Under the famous king Nebuchadnezzar, who ruled from 604

until 561 B.C., the Babylonian Empire expanded. They rampaged to the west and destroyed the great Temple of Solomon in Jerusalem, leading to the Exile (the captivity of the Jews in Babylonia, 597—538 B.C.). In this climate of astrological belief the Babylonian priesthood who read the signs of the sky became rich and powerful, the regents and generals making decisions based on advice interpreted from celestial phenomena, both of the past and anticipated in the future.

The Babylonian regime was overthrown for the last time, by the Persians, early in the fourth century B.C. When the Jews eventually returned to Judea, they took with them the astronomical knowledge on which the Hebrew calendar is based, with its strict rules for phasing various religious feasts against the Sun and the Moon. They had no time for the astrological deities of the Babylonians, but they did want to know about how the planets moved in the sky. In those days the term planets encompassed all regular moving objects: the Sun and the Moon, as well as Mercury, Venus, Mars, Jupiter, and Saturn. That makes seven. Our seven-day week derives from the astrological planetary week of the era reinforced by the Jewish Sabbath cycle of seven days.

With their new Persian masters the astrological priesthood in Babylon needed to adapt to preserve their privileged place in society, and to do that they needed to develop a better understanding of how the celestial objects moved. Studies of past eclipse records intensified, and it seems likely that about this time the saros was discovered.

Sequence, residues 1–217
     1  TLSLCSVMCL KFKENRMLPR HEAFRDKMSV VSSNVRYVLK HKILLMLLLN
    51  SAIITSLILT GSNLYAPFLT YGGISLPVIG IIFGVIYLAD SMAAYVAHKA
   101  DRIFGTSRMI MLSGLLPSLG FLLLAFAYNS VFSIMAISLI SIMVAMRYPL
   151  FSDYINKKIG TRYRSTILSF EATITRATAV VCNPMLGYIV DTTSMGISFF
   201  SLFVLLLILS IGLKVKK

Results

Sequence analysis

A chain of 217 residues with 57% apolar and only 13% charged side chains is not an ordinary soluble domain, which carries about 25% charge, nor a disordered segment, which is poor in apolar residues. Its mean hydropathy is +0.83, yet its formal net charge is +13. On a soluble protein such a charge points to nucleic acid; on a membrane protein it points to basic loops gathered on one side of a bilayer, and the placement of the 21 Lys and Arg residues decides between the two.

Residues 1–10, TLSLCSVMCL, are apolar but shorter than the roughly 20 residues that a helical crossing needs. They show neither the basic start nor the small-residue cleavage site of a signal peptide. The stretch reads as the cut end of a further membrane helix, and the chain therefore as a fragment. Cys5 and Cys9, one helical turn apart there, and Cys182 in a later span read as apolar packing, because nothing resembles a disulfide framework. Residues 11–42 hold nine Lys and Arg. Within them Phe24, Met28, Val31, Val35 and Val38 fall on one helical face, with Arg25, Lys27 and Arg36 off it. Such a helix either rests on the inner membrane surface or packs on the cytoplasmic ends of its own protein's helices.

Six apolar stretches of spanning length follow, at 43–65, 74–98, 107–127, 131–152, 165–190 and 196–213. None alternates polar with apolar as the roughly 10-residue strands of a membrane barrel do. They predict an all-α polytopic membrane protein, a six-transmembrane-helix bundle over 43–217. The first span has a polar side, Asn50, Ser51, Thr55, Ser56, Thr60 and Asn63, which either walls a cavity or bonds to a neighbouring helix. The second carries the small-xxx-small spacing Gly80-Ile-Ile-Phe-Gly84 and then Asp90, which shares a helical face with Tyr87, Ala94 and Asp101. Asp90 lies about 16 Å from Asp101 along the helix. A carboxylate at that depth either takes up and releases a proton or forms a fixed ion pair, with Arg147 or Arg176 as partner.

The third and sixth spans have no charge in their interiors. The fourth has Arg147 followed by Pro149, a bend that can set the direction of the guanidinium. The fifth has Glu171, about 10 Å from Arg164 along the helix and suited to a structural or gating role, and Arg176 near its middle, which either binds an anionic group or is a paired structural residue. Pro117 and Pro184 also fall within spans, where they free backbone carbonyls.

There is direct evidence of this discovery. A fragment of an eclipse list between 373 and 277 B.C. has survived, and it is split into columns covering 223 synodic months; this is the number in a saros. A saros, remember, contains 19 eclipse years, each contain ing two eclipse seasons, making 38 in all. Each of the columns mentioned consists of 38 horizontal lines. It seems that the Babylonian astronomers knew about the saros at least by the third century B.C., and so were able to predict eclipses into the distant future rather than merely short-term runs.

By then the Persian Empire had been overwhelmed by Alexander the Great, and from about 331 B.C. Babylonia was incorporated into the vast empire that had been conjoined through his conquering forays west through Egypt, and then east all the way to India.

Alexander was from Macedonia, the northern part of what we now call Greece, as opposed to Athens and the southern states. His dynasty ruled much of the eastern Mediterranean for some centuries, for example as the Ptolemies in Egypt. The last of them was Cleopatra. After Alexander's death—in Babylon in 323 B.C., at age 33—the lands he had conquered were consolidated into what became known as the Seleucid Empire.

Under Greek hegemony Babylonian astronomy continued to thrive, and the results of observations were relayed back to Greece, to men such as Hipparchus. It was the Babylonian records of eclipses, coupled with his own observations, that enabled Hipparchus to take such major steps forward in determining the cycles of the heavens.